Being a nurse while pregnant can be difficult. In this helpful article, Olivia talks us through practicing self-care at work and your rights in the workplace, as well as tips for telling your employer.
Pregnancy is an exciting time, but it can also be a challenging one, especially if you work as a nurse!
As a nurse, you are likely on your feet for long periods of time and may be exposed to a variety of physical and emotional stressors. It's important to practice self-care during pregnancy in order to stay healthy and comfortable, both for your own well-being and for the health of your baby.
In this article, we will explore tips for practicing self-care while pregnant and working as a nurse, as well as your rights in the workplace and advice for telling your employer about your pregnancy!
Let's get started.
Self-Care Tips For Pregnant Nurses
Below are some self-care tips pregnant nurses can use to make themselves more comfortable and healthy:
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Staying hydrated is crucial during pregnancy, especially if you work in a demanding job like nursing. Make sure you drink plenty of water throughout the day and consider always keeping a water bottle close to you.
Need some extra motivation to stay hydrated? Try flavouring your water with lemon, mint, or cucumber. You could even put ice in to help you cool down and hydrate.
Take Regular Breaks
It's important to take breaks throughout the day in order to get enough rest. If possible, try to take short breaks every hour or so to stretch your legs, have a bite to eat, or just sit down and rest.
I know, this can seem impossible on a busy shift, but try to prioritise having a break! This will avoid potential physical problems down the line.
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Wear Comfortable Shoes
As a nurse, you’re likely spend a lot of time on your feet, so it's important to wear comfortable and supportive shoes! Find shoes with good arch support and cushioning.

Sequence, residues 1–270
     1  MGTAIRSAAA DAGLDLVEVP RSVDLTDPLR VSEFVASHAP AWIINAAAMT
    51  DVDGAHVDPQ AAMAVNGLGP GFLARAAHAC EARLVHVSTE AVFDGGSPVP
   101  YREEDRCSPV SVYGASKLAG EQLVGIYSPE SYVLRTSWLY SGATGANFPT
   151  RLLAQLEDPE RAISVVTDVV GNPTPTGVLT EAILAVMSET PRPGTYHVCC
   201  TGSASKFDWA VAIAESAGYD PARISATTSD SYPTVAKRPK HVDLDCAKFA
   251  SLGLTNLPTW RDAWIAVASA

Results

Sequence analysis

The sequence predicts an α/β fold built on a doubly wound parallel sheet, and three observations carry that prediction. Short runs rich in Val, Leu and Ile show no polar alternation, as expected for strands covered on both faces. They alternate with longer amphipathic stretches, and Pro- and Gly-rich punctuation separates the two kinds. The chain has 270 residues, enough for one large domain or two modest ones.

I'd also highly recommend investing in compression socks or stockings to help improve circulation.
Get Enough Sleep
We all know how crucial sleep is during pregnancy - it helps support your own health as well as the health of your growing baby. Try to get at least 7-8 hours of sleep per night, ideally a good 10 hours! Don't be afraid to have a little Power Nap during the day if you can. Listen to your body!
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Eat A Balanced Diet
Eating a healthy, balanced diet is important during pregnancy. Nutrition helps provide your body and your baby with the fuel they need to thrive. Eating a balanced diet includes plenty of fruits and vegetables, lean proteins, and whole grains.
The 80/20 rule is a great one to follow; 80% healthy/whole foods and 20% (or less) of processed or sweet foods.
Having pregnancy related food aversion? You aren't alone! Try new food combinations and recipes so you don't get bored of your usual go-to lunches.
Practice Stress-Reduction Techniques
Pregnancy can be stressful, and nursing can be stressful. The two combined.... even more so! Try to reduce your physical and mental stress by practicing deep breathing, meditation, or yoga, and try to find ways to relax and unwind during your downtime.
It's important to practice self-care during pregnancy in order to stay healthy and comfortable, both for your own well-being and for the health of your baby.
Your Rights In The Workplace As A Pregnant Nurse
As a pregnant nurse in the UK, you have a number of rights in the workplace that are designed to protect your health and well-being, as well as the health of your growing baby. Some of these rights include:
The Right To Paid Time Off For Antenatal Care
Pregnant nurses are entitled to paid time off work to attend antenatal appointments and classes, as recommended by a doctor or midwife.